The Maccabees aren’t the only heroes of the Hanukkah story. A woman named Judith is often considered the first of the Hanukkah heroes. Before the Maccabees ever came on the scene, Judith was fighting for her family and for her people’s survival. Apocryphal stories tell how she sweet talked her way into the army compound of Holofernes, the general sent by the Assyrian ruler Nebuchadnezzar. After some deception and cunning guile, Judith seduced Holofernes with a feast of cheese and other dairy. With Holofernes in a cheese-induced sleep, Judith beheaded him with his own sword. In Judith’s honor, cheese has become a Hanukkah staple food. In fact, before potatoes, latkes were most commonly made from cheese.
For fried cheese in Atlanta, check out the fried mozzarella triangles at LLoyd’s on DeKalb Avenue or the fried mozzarella sticks at Varuni Napoli on Monroe drive or the restaurant’s stall at Krog Street Market. For something truly indulgent, consider ordering one of the white pizzas topped with olive oil and fried spaghetti covered in cheese at Ammazza on Edgewood Avenue.
There’s more to fried cheese than a simple stick of breaded mozzarella. The cheese-filled chile relleno at Taqueria Michoacan on Buford Highway is a great dish to consider during Hanukkah (or any time of year,) as are the vegetarian chile relleno at El Ponce in Poncey-Highland and Nuevo Laredo Cantina on Chattahoochee Avenue.
Hanukkah is a celebration bridging the gap between ancient Israel and the modern state of Israel because it’s so tied to the land there and to Jerusalem. And though falafel, deep-fried chickpea patties, are found at street carts and vendors throughout the Middle East and isn’t unique to Hanukkah, falafel is still a solid way to celebrate the holiday.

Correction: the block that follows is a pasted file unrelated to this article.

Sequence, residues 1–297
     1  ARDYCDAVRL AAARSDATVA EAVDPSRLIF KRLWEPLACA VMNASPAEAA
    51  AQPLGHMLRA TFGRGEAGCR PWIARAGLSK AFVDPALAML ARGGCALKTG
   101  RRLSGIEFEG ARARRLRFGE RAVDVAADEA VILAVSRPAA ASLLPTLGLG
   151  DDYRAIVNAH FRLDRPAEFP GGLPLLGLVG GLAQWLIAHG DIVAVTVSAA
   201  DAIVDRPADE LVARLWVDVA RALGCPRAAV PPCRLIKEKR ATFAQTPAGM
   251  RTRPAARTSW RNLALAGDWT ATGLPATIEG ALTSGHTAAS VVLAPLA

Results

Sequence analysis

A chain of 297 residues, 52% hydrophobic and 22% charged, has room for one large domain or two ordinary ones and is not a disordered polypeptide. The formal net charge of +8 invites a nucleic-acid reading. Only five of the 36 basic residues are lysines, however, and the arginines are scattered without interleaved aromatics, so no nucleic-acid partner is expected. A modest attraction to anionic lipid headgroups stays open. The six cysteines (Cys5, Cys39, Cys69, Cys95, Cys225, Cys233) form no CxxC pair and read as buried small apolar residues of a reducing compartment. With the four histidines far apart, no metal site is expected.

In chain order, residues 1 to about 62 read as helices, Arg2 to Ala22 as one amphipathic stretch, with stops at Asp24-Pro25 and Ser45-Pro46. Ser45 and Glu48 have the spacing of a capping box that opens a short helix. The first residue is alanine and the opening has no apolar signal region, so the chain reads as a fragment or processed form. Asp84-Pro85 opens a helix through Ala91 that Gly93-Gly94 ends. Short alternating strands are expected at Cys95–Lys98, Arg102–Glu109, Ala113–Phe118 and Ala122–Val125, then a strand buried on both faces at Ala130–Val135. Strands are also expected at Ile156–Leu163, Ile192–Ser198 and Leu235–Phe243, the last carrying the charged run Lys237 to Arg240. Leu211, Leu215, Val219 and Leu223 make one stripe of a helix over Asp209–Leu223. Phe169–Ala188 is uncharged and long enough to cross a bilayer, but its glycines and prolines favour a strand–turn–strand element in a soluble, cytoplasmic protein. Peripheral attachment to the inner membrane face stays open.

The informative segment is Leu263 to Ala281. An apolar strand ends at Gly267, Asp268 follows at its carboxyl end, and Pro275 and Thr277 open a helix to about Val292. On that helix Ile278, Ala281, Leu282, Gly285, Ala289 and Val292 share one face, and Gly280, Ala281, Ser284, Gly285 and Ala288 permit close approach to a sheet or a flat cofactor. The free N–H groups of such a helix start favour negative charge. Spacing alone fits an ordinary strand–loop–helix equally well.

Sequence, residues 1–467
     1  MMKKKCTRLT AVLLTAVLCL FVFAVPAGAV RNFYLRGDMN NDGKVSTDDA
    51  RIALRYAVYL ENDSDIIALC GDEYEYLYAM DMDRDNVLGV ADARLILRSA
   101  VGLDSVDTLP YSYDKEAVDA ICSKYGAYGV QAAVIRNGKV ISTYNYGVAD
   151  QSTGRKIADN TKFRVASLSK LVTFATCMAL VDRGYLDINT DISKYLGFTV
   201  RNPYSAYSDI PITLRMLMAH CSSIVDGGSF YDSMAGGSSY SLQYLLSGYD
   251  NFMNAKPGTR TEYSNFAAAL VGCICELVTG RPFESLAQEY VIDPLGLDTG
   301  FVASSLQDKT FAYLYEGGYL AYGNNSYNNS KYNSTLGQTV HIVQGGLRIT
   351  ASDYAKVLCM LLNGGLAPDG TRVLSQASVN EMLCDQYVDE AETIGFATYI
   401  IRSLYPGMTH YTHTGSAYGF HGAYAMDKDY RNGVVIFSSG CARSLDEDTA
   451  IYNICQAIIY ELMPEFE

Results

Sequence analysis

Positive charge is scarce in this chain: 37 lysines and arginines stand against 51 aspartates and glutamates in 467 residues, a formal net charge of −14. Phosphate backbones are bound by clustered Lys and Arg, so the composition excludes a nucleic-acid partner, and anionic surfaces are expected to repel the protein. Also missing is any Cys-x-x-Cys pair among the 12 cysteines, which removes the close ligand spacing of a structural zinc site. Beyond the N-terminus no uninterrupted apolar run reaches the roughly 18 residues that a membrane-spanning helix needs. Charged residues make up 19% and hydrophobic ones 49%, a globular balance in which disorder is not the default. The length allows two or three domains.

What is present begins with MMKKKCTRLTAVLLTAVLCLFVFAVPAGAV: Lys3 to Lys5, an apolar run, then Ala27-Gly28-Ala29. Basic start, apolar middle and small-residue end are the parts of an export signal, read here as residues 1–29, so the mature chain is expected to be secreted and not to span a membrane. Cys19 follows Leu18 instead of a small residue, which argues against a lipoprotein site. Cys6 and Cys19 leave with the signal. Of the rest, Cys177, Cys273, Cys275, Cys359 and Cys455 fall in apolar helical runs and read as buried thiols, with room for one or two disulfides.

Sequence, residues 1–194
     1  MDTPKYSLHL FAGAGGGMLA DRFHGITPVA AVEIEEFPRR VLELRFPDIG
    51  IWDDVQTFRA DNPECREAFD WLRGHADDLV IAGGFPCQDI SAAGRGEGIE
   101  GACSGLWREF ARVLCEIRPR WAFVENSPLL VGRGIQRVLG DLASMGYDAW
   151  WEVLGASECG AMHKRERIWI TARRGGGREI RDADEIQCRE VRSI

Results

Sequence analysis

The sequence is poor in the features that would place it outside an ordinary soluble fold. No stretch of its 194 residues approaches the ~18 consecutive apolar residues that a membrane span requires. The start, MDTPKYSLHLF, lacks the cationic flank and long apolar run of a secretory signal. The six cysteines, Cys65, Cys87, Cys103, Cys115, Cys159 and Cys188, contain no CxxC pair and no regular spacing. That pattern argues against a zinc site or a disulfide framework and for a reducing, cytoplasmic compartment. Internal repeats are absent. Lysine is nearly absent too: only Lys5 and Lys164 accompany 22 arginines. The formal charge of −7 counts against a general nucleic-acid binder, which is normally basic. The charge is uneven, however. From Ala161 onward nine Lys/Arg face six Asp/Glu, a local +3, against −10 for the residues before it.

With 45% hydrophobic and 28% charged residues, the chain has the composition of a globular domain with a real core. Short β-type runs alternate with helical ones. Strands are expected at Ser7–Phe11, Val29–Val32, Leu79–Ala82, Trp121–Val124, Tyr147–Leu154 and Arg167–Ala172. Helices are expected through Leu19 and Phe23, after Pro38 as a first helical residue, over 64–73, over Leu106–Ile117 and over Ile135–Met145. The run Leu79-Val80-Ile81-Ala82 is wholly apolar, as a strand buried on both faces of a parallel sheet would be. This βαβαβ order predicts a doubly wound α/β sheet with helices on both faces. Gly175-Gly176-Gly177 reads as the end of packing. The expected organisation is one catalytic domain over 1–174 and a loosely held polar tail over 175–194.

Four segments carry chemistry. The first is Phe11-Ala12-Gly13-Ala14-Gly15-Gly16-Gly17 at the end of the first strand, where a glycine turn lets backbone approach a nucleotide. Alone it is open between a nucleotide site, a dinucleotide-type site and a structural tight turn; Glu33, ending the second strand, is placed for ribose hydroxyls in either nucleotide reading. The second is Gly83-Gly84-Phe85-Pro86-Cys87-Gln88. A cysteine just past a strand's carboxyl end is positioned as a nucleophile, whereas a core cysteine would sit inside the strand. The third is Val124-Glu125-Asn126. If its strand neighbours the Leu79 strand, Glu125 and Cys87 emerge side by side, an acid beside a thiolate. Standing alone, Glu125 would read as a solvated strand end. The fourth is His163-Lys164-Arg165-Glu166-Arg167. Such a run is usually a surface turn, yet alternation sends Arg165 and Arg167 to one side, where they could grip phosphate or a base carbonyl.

Located next door to Aziza at Westside Provisions District, Falafel Nation features some of Atlanta’s best falafel on the menu. Grab a pita filled to the brim with fresh falafel balls paired with za’atar spiced fries or a falafel salad. There’s also Mamoun’s Falafel nearby on Northside Drive. Over at Krog Street Market, street food stall Yalla serves the fried chickpea fritters with labneh, tahini, and sumac radish. Head to the small counter in back of Tip Top Kosher Market on Savoy Drive to order sandwiches and a side of crispy falafel.
Sufganiyot, jelly-filled doughnuts, are a traditional Hanukkah dessert. But there are other fried dessert options to consider for Hanukkah, too. In an ironic twist, the Greeks include baklava among their culinary traditions, a layered pastry treat wrapped in filo dough and stuffed with chopped nuts sweetened with syrup or sometimes honey. Baklava can be found on menus at many Atlanta Mediterranean and Greek markets and restaurants, including great versions at International Bakery on Cheshire Bridge, Zukerino Pastry Shop in Dunwoody, Mediterranean Bakery on Chamblee Tucker, and at Kyma in Buckhead.
For a decidedly modern (and decadent) fried dessert in Atlanta, try the tempura-fried Oreos topped with Nutella or chocolate sauce from Asian street food pop-up Mushi Ni at Chattahoochee Food Works.
Robbie Medwed is an Atlanta-based food and culture writer and regular Eater contributor. His food writing has appeared in the Atlanta Jewish Times, the Jewish Food Experience, Grok Nation, and Eater Atlanta.